The Beamo is fast too! It engraves at about 300 millimeters per second. Complicated designs with lots of engraving details can take a while, the software estimates hours even, but simple designs like a pair of earrings can be cut in just 2 to 3 minutes. We made a 4 inch engraved T-Rex that took about 10 minutes. There is also the option to increase the speed on demand, though we haven’t tried it yet.
Obviously, the speed of the cutting and engraving translates directly into dollars for makers who sell customized products since it increases how much they can do in a limited space of time. You can watch an 11-minute video we took of the engraving squeezed down to 20 seconds below –
View this post on Instagram
🦖T-REX ALERT 🦖Swipe to see a time lapse of it being made. We got our hands on a @flux_inc Beamo laser cutter and engraver and had to take a crack at making our namesake Rex in it. Killer review also at @geekspinco . . . . . #lasercutter #lasercutting #lasercuttingmachine #lasercutters #engraver #engravingart #trex #trexinks
Beamo Studio software
We were initially concerned that the Beamo Studio software would be intimidating since many times the software that comes with maker products can be a nightmare. Much to our surprise, Beamo Studio is actually extremely easy to use, and it’s only been just released! So despite being a total novice I quickly understood the concepts used in the app, even without a tutorial. You simply import the image you want into Beamo Studio, it can be a JPG, PNG, SVG, or DXF vector file, scan the area you want to engrave, and then let her rip.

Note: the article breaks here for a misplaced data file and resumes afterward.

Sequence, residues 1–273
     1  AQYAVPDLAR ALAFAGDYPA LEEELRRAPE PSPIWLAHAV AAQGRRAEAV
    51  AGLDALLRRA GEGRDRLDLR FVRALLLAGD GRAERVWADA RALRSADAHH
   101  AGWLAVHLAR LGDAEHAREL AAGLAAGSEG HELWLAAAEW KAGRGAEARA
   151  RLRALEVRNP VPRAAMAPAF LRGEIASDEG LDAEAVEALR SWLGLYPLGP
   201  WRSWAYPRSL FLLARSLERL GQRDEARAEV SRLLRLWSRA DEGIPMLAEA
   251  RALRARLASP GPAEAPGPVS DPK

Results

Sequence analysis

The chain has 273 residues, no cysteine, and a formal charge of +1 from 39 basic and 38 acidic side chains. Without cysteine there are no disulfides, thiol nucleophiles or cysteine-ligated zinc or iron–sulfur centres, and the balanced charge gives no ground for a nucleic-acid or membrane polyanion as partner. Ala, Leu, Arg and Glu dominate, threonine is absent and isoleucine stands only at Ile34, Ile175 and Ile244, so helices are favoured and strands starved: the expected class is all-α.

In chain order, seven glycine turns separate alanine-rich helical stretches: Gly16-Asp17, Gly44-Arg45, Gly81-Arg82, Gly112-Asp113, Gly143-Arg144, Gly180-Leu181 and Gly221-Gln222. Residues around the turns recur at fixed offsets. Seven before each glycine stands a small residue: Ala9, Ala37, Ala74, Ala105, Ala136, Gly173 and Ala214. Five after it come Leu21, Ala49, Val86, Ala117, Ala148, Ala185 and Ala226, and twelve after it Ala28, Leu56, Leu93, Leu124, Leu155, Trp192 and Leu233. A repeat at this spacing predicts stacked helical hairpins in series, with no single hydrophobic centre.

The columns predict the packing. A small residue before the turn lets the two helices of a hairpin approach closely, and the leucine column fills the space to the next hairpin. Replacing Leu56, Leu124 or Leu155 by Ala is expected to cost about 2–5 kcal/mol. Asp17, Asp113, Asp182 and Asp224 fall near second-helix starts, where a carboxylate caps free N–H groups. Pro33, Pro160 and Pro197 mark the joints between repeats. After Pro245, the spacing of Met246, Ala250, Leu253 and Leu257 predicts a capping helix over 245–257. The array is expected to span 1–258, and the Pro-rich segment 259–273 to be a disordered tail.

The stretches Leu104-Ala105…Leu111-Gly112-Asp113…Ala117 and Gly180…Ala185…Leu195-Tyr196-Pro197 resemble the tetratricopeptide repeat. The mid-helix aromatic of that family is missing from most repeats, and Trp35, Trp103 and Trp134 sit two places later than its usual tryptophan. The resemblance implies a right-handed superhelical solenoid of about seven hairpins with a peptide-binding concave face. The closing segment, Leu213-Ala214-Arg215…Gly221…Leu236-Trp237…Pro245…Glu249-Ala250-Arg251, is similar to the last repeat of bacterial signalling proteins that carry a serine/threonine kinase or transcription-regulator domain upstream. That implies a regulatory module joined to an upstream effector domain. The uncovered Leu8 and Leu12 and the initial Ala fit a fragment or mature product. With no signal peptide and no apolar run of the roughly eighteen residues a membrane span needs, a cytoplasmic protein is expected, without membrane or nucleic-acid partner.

The software offers a number of presets for materials to get you started and you can save more as you experiment with different materials. And with a clever layer system, similar to what you’d see in Photoshop, you can set up the Beamo to cut and engrave in multiple passes, each layer allowing for individual laser power and speed settings. For example, you can first engrave an image onto a surface and then cut it out afterward with 2 simple layers.
Other neat Beamo features
The Beamo has some cool features like a built-in HD camera that lets you preview the workspace before you do any cutting or engraving to make sure your material lines up. This is a huge boon compared to non-camera engravers where you are basically left to your best guess and have to constantly recalibrate. With Beamo, you simply scan the area with the camera and nudge your shapes around in the software to line up. It really is as simple as that.